Buckingham County Residents Can Have A Moving Experience
Buckingham residents have a unique opportunity to come together and move their public school system forward into its next chapter.
And move the county, as a community, too.
The school system will take a giant step toward the new school year by moving items from Dillwyn Primary, Buckingham Primary, Gold Hill Elementary and Buckingham Middle Schools-where fifth graders were temporarily housed during the renovation project-into the renovated schools at the Carter G. Woodson Education Complex on Route 20.
The expedition is planned to take place during the last week in July and the first week in August.
Dillwyn Primary and Gold Hill Elementary Schools are closing and Buckingham Primary School will become a preschool center.
During the June meeting of the Buckingham County Board of Supervisors, Board member Donnie Bryan delivered a request from the school system, which is seeking volunteers to help with the move. “It's going to be a big job and they don't have the money to pay people to move them,” Supervisor Bryan said.
County residents can get physical and help the County and the school system remain fiscally fit. Route 20 is known as The Constitution Route and volunteers with strong muscles will be appreciated for some of the heavier lifting.
However, the only “constitution” that really matters is a desire to help because those of us with tricky backs, or who see our Olympic Decathlon days far behind us, can re-shelve books, and other less Herculean, but no less important, tasks.
Those willing to volunteer are urged to contact the school system's facilities director, Chip Davis, at his office number, 969-4455, or through the school board office at 969-6100. Mr. Davis, who will coordinate the effort, told us the need for volunteers is great and that there are ways for everyone to help, including making sandwiches and providing cold drinks for those doing the moving.
“Anything that anybody has that they want to offer or want to do. If they want to donate just a few hours or a day, whatever,” he said. “We'll take anything. It doesn't have to be a total commitment.”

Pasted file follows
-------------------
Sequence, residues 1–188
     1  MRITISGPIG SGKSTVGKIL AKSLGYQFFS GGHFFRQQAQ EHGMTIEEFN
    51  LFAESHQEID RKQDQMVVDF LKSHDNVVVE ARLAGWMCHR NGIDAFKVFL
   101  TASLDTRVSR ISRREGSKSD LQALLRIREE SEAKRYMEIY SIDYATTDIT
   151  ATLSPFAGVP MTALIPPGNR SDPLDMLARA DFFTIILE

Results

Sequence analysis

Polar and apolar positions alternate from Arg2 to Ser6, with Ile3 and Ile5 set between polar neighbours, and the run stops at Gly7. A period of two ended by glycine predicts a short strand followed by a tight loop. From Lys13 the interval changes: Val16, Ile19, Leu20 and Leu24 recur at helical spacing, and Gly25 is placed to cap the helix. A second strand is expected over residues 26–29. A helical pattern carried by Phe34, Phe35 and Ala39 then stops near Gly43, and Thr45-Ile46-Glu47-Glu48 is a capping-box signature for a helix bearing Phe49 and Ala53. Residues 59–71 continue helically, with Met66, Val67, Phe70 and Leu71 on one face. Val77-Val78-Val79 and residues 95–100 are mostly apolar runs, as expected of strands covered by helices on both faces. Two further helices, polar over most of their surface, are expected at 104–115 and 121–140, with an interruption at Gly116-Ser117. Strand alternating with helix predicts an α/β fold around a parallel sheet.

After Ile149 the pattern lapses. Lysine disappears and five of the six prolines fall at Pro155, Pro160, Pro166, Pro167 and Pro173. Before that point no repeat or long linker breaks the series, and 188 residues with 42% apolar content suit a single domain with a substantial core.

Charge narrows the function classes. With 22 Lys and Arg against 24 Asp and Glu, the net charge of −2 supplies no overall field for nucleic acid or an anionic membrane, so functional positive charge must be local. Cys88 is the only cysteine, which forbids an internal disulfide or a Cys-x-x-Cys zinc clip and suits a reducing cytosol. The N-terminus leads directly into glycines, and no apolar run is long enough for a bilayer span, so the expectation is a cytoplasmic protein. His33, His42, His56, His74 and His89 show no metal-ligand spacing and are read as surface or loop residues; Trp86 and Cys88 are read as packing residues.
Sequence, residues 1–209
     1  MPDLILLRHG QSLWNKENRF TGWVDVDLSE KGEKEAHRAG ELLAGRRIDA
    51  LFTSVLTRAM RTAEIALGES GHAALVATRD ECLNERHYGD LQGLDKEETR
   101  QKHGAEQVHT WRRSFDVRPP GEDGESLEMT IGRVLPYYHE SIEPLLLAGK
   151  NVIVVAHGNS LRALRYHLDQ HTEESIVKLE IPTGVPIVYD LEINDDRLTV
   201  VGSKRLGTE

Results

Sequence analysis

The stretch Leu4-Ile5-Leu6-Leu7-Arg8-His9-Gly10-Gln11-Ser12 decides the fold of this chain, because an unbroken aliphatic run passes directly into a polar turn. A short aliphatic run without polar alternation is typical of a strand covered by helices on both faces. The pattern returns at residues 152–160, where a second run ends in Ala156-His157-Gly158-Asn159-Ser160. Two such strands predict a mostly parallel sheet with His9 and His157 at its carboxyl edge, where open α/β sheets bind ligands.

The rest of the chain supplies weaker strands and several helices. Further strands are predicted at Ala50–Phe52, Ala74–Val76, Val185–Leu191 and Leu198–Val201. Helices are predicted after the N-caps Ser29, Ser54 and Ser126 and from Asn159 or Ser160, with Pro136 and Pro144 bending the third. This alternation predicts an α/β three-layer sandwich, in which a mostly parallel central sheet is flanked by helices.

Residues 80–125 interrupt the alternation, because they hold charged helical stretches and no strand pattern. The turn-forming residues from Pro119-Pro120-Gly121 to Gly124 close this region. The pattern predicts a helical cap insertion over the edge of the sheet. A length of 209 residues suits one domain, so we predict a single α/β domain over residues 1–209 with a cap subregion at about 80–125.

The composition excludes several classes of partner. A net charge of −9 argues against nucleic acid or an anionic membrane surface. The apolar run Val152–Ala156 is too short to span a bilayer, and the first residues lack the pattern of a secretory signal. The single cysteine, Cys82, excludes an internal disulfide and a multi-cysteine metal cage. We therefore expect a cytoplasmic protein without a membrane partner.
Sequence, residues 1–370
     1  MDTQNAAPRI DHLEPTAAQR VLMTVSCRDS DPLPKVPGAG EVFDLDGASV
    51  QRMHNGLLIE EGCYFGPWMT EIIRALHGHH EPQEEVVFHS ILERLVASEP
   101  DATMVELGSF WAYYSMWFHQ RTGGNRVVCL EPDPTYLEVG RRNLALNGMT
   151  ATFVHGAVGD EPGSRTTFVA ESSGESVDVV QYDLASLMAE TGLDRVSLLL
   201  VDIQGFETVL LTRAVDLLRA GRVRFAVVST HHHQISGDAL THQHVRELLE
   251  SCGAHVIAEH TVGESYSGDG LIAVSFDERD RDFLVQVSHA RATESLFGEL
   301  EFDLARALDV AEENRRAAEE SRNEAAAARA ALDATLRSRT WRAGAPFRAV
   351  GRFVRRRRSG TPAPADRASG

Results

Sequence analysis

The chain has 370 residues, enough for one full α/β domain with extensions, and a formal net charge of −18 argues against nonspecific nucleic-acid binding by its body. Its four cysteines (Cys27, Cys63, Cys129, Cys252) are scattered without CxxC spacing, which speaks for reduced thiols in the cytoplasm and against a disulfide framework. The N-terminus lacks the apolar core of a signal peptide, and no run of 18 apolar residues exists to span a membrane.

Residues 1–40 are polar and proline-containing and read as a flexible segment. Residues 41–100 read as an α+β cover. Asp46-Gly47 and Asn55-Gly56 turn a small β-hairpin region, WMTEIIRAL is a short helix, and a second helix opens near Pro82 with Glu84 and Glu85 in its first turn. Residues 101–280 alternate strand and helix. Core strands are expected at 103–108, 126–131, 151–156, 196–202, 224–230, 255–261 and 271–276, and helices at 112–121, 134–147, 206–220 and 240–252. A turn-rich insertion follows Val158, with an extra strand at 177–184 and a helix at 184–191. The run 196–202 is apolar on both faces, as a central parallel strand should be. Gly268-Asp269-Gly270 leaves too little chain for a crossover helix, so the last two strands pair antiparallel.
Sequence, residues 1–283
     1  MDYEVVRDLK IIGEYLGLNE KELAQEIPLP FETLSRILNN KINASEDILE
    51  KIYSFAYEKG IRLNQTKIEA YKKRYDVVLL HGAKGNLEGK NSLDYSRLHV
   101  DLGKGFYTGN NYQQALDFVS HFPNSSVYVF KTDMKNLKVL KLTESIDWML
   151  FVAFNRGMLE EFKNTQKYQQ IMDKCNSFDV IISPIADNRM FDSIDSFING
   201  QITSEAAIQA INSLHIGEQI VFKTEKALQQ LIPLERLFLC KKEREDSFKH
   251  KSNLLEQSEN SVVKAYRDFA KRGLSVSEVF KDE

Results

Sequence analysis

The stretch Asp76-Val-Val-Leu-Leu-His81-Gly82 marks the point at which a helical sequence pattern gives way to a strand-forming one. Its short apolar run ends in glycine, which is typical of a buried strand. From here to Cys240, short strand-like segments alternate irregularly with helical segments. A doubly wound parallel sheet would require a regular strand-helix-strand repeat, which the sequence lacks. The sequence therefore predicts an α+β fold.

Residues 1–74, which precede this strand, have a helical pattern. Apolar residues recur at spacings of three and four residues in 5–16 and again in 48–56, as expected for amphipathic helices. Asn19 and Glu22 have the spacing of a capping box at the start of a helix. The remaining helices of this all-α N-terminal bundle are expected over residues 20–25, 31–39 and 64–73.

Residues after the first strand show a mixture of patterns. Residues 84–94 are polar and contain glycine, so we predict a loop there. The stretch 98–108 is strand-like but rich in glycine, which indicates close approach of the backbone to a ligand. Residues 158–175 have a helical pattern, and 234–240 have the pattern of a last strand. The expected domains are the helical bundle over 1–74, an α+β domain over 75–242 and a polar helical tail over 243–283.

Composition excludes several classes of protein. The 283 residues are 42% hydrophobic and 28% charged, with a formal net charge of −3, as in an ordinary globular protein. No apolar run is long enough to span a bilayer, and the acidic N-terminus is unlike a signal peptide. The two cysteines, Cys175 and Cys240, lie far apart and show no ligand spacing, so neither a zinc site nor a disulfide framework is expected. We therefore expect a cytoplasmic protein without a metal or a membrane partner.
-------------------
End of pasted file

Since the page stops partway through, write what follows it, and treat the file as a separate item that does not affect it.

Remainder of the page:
The move to the Carter G. Woodson Education Complex is a chance for churches, clubs, civic organizations, neighborhoods and families to help the school system avoid spending money it cannot afford. “We've got tons of things to do,” Mr. Davis said. “This is a real good time for different groups, and just private people, that want to help.”
Those volunteering will provide great practical assistance because moving funds aren't budgeted. “That has to come out of maintenance because that's not really considered construction,” he explained. “And with the other things that have been going on with the budgets and stuff this year, it's just super tight (financially). The schools are for the people of the county, and the children. It's their building now…We need lots of help, whatever anybody wants to do.”
Those who give of themselves will also receive. For the rest of their lives, when they drive past the Carter G. Woodson Education Complex they will be able to look at those buildings and know that they helped put those schools together for the children of Buckingham County.
And there is the power and symbolism of the entire community joining together to fill the schools at the education complex named in honor of Carter G. Woodson, the Buckingham-born son of former slaves who became The Father of Black History.
The experience can be one they shall never forget.